If you had dinner in, it was often a feast of various curries, sambols and pickles with fragrant rice while a very English afternoon tea was served in The Zaal, the main hall — scones and clotted cream, cakes and cucumber sandwiches borne on silver trays, with pots of Sri Lankan tea from the nearby plantations! The best thing about it is, the price of dining in the hotel was surprisingly inexpensive.
Within the courtyard and frangipani-fringed gardens of Amangalla was a most inviting pool, a spa of dark wood and echoing serenity in the old wing of the building, a bespoke men’s barber and nail salon for the ladies. Nearby is a small terrace where private yoga lessons were sometimes held. At night, as I was told by a friendly manicurist at the spa, some staff feel a little chill as they walk past that garden terrace, and try not to wander there alone if they had to. And babysitting into the wee hours of the morning in the old wing give send shivers up the spine of the more timid personnel. According to the hotel’s own literature, there is apparently hints of a ghost residing in Room 25 — but after rearrangements and renumbering of rooms over the years, the supposedly haunted location is now no longer a guestroom I am told, but somewhere in the spa. As fascinating a story as it is – which I had eked out from her — I must assure you that at no time during my stay had I felt anything less than perfectly warm and welcomed at Amangalla.
Two of the hotel’s facilities turned out a huge hit with the kids and indeed the rest of us adults. The Baths — we love the old fashioned word — were two massive private rooms which we could book for free, which held a jacuzzi, cold plunge pool, sauna and shower, plus lockers, toilet and changing facilities. Our two families would spend an afternoon there and the kids would have a whale of a time.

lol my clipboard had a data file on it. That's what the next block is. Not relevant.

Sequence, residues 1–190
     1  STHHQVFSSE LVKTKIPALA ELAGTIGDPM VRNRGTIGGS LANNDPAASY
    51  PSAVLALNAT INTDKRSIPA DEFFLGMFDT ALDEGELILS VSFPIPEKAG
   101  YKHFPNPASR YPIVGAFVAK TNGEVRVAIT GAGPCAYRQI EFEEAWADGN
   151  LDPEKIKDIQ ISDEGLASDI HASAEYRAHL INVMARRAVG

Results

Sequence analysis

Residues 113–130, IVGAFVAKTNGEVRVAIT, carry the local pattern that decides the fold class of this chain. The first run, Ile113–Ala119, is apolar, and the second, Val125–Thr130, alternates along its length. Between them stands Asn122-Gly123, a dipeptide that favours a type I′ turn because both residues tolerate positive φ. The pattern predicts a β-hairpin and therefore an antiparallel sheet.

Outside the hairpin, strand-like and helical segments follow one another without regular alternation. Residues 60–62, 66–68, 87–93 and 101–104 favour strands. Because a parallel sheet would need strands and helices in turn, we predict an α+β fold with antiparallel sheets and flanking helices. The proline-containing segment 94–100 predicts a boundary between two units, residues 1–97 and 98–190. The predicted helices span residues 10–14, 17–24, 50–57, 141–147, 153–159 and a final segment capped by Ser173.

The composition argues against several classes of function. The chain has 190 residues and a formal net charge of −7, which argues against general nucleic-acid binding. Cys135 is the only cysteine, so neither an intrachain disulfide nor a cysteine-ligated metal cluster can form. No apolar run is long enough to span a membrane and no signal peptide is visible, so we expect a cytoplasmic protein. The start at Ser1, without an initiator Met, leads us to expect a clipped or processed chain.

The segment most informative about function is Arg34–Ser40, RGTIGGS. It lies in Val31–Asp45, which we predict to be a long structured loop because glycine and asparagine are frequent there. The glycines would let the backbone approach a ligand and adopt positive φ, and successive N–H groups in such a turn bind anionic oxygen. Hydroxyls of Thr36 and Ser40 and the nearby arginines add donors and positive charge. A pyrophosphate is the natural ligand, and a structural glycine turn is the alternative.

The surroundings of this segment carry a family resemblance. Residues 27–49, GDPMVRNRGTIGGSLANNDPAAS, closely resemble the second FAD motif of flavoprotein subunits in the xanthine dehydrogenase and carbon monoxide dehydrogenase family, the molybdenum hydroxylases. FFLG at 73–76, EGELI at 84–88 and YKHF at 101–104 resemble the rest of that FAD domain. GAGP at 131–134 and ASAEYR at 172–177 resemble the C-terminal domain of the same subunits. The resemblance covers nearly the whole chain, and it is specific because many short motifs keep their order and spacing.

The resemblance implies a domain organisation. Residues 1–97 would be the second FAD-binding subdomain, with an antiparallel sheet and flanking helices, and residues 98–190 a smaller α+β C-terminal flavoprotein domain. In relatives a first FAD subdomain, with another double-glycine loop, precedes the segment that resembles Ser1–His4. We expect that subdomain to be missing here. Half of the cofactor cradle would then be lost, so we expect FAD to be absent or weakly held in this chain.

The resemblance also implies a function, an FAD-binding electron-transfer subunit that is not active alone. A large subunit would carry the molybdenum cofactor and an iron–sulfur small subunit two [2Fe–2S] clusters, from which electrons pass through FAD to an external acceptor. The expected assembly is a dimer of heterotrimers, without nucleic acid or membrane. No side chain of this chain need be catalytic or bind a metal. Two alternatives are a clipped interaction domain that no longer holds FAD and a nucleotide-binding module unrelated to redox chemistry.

The other was Amangalla’s library which my daughter calls ‘the ultimate hang out place’. It’s a beautifully cosy place with lots of vintage books for adults and kids, old photographs, coffee table tomes, board games, and my favourite — scrapbooks showing the events and faces of days past at this hotel.
Even though Amangalla was established here only in 2004, this building was always a hotel. Before it was Amangalla, it had been The New Oriental Hotel (NOH) for almost 150 years, since 1865. The building complex was actually completed in 1715, with the oldest part of the hotel dating back to 1684. The NOH was run by a family since its founding, and was very much part of Galle Fort’s community and local history. NOH became the Amangalla only in 2005 when the last owner of the NOH passed on. It’s heartwarming to see how the history of the NOH and the people that surrounded it are still remembered as part of Amangalla’s heritage in the sepia toned photographs and well-thumbed scrapbooks so nicely laid out in the library. In its dining room, the NOH’s original crockery and china are still in use every day bearing the NOH crest and initials.
We ended our stay at Amangalla soaking in Galle’s famous sunset on the top floor of the old wing. Our butler had brought us a round of Pimms. Seated on cane chairs in front large casement windows, we had a view that stretched over the tops of Galle’s tiled rooftops and out to sea. As the sun eased into the sea and clouds transformed into rolling sheets of red, rose, then blue and gold and the birds fell silent, quite by chance — for we had not encountered this in the days before — we heard from a distant army camp a lone bugle play out the Last Post. You would expect a stay at the immensely gracious Amangalla to conclude thus. Impossibly elegant with an old world dignity, always discreet, but perfectly timed.